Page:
Common Causes of Vision Problems

Allison Bush Mar 26th, 2012 (updated Dec 23rd, 2014)
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Presbyopia
Presbyopia

Presbyopia is when you have difficulty focusing on objects that are close. It often becomes noticeable in your early to mid-40s.

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Cataracts
Cataracts

Cataracts are a cloudiness over the eye lens, causing poor nighttime vision, halos around lights and sensitivity to glare. Daytime vision is eventually affected and cataracts are common in the elderly.

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Glaucoma
Glaucoma

Glaucoma is an increased pressure in the eye, causing poor night vision, blind spots, and loss of vision to either side. It's one of the major causes of blindness. Glaucoma can happen gradually or suddenly -- if sudden, it's a medical emergency.

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Diabetic retinopathy
Diabetic retinopathy

Diabetic retinopathy is a complication of diabetes and can lead to bleeding into the retina. It's another common cause of blindness.

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Macular degeneration
Macular degeneration

Macular degeneration is the loss of central vision, blurred vision (especially while reading), distorted vision (such as seeing wavy lines), and colors appearing faded. This is the most common cause of blindness in people over 60.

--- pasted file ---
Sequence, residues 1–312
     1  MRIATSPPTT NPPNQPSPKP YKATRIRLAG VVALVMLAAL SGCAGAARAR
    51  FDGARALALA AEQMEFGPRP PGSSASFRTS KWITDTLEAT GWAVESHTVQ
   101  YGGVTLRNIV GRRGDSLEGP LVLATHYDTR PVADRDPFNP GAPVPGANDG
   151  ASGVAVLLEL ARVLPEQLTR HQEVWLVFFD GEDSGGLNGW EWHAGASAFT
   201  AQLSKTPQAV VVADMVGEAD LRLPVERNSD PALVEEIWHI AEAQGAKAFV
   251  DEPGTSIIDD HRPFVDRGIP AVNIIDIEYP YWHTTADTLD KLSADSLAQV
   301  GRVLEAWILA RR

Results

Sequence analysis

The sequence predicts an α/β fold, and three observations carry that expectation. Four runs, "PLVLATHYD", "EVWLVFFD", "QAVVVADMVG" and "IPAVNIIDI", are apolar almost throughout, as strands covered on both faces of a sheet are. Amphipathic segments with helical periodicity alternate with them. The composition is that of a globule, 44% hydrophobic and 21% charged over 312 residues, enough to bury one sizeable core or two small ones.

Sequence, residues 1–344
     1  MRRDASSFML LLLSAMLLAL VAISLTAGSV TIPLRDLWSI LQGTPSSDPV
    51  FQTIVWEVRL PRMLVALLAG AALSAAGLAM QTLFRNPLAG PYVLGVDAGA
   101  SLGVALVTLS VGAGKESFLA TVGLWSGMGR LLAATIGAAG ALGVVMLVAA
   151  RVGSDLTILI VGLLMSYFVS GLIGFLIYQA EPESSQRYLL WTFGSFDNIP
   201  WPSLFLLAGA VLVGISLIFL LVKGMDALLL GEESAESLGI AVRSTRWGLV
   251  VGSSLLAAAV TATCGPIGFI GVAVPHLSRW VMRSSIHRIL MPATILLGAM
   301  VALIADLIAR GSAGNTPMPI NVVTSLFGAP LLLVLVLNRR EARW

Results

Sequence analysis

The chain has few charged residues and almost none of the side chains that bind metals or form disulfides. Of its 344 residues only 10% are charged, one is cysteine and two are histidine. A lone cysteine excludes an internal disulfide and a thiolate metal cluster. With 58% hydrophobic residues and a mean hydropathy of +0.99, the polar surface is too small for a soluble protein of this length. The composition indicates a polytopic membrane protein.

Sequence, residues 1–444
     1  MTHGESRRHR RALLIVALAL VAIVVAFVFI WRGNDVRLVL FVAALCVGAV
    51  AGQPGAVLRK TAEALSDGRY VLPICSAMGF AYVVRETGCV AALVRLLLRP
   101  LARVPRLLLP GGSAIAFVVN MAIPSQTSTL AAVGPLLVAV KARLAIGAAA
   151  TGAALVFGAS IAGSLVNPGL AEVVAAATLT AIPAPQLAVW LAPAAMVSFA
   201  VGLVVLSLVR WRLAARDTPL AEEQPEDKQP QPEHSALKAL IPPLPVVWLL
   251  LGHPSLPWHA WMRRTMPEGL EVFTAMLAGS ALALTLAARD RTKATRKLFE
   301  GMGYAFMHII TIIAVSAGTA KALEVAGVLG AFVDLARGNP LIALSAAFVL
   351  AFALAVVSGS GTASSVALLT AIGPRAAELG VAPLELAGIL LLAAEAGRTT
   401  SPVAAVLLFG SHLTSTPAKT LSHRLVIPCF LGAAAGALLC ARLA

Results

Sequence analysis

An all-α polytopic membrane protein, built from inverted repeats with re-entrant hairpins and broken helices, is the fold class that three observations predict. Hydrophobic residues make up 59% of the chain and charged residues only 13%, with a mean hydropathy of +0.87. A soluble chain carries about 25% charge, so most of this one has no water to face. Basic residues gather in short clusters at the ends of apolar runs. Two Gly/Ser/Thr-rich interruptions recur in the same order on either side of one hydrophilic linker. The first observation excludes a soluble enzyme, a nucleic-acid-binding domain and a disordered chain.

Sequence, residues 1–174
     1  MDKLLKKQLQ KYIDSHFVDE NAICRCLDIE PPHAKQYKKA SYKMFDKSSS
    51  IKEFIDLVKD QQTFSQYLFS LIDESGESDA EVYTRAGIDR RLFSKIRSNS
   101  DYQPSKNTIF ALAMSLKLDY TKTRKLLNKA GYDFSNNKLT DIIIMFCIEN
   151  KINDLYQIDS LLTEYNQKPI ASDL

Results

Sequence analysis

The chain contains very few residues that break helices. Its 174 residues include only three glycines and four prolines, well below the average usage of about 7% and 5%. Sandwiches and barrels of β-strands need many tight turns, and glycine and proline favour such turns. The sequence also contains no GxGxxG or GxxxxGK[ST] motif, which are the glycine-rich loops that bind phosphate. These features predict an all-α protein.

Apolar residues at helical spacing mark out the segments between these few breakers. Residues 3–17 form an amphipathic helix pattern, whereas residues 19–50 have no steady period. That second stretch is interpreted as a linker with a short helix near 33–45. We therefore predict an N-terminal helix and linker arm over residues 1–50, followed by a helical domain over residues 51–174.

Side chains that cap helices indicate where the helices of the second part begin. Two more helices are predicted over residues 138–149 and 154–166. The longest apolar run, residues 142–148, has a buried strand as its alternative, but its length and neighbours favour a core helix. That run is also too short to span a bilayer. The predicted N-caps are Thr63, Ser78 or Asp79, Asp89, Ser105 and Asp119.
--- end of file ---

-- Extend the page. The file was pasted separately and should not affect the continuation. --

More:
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Floaters
Floaters

Floaters are tiny particles drifting across the eye. Although often brief and harmless, they can be a sign of retinal detachment.

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Optic neuritis
Optic neuritis

Optic neuritis is an inflammation of the optic nerve from infection or multiple sclerosis. It may cause pain when you move your eye or touch it through the eyelid.

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Temporal arteritis
Temporal arteritis

Temporal arteritis is an inflammation of an artery in the brain that supplies blood to the optic nerve.

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Migraine
Migraine

Migraines produce spots of light, halos, or zigzag patterns. These are common symptoms prior to the start of a migraine attack.

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Retinal detachment
Retinal detachment

The symptoms of retinal detachment include floaters, flashes of light across your visual field or a sensation of a shade or curtain hanging on one side of your visual field.